Critics of a New York Times investigative story about a CIA interrogator, whom it named, say it “has made him a marked man.” Scott Shane, the reporter, and his editors said that using the name was necessary for credibility.

The Times’ Public Editor Clark Hoyt weighs the issues, and concludes:

“I understand how readers can think that if there is any risk at all, a person like Martinez should never be identified. But going in that direction, especially in this age of increasing government secrecy, would leave news organizations hobbled when trying to tell the public about some of the government’s most important and controversial actions.”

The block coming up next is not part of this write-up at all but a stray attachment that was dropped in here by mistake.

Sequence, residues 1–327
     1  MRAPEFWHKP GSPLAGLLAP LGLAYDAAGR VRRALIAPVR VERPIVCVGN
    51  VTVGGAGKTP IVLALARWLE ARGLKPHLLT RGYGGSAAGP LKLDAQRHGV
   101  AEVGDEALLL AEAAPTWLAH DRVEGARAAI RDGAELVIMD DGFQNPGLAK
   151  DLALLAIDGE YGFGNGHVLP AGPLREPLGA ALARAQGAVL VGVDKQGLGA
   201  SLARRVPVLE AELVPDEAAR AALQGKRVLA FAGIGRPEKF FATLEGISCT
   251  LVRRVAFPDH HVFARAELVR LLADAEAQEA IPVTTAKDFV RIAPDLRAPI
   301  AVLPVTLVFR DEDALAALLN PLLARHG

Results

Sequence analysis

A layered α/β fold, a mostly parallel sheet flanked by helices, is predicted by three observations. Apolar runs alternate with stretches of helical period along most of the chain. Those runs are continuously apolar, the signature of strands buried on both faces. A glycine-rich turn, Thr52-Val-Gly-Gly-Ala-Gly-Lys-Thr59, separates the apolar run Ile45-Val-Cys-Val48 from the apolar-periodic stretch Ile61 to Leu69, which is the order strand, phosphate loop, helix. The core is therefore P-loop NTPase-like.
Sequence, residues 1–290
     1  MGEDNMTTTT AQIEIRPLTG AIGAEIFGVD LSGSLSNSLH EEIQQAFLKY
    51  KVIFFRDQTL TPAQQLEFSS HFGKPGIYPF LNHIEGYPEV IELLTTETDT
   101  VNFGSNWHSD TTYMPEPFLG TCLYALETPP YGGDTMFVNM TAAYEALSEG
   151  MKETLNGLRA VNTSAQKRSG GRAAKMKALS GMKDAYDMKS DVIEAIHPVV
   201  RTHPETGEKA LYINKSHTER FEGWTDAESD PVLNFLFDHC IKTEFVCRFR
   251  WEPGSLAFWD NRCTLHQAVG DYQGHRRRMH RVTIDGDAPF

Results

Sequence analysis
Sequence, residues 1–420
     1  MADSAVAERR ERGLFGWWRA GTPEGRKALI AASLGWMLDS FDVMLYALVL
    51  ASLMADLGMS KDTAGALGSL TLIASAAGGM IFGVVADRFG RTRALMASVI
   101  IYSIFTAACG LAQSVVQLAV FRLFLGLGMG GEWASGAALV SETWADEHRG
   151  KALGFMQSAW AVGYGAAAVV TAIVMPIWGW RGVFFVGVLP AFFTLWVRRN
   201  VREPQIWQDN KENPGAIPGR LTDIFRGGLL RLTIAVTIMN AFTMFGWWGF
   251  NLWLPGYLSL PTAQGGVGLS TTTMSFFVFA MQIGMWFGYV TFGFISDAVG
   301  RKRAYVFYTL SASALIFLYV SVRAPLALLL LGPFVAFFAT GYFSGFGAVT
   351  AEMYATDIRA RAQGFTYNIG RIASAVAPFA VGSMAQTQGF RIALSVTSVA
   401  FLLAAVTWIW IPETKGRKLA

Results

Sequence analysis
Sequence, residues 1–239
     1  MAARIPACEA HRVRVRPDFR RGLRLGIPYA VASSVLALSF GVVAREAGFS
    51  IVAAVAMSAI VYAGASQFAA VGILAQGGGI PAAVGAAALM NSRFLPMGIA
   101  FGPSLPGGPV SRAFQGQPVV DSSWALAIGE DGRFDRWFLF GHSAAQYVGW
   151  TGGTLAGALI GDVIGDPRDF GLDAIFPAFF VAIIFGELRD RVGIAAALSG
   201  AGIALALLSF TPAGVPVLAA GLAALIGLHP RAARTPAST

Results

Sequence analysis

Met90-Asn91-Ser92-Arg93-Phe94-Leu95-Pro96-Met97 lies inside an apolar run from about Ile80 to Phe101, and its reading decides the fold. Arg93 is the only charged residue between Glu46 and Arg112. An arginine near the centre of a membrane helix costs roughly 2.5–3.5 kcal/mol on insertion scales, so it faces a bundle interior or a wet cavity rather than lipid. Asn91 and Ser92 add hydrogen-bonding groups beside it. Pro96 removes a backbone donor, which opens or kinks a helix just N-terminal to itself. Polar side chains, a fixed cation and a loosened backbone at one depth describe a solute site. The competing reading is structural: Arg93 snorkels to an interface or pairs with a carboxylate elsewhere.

Critics of a New York Times investigative story about a CIA interrogator, whom it named, say it “has made him a marked man.” Scott Shane, the reporter, and his editors said that using the name was necessary for credibility.

The Times’ Public Editor Clark Hoyt weighs the issues, and concludes:

“I understand how readers can think that if there is any risk at all, a person like Martinez should never be identified. But going in that direction, especially in this age of increasing government secrecy, would leave news organizations hobbled when trying to tell the public about some of the government’s most important and controversial actions.”

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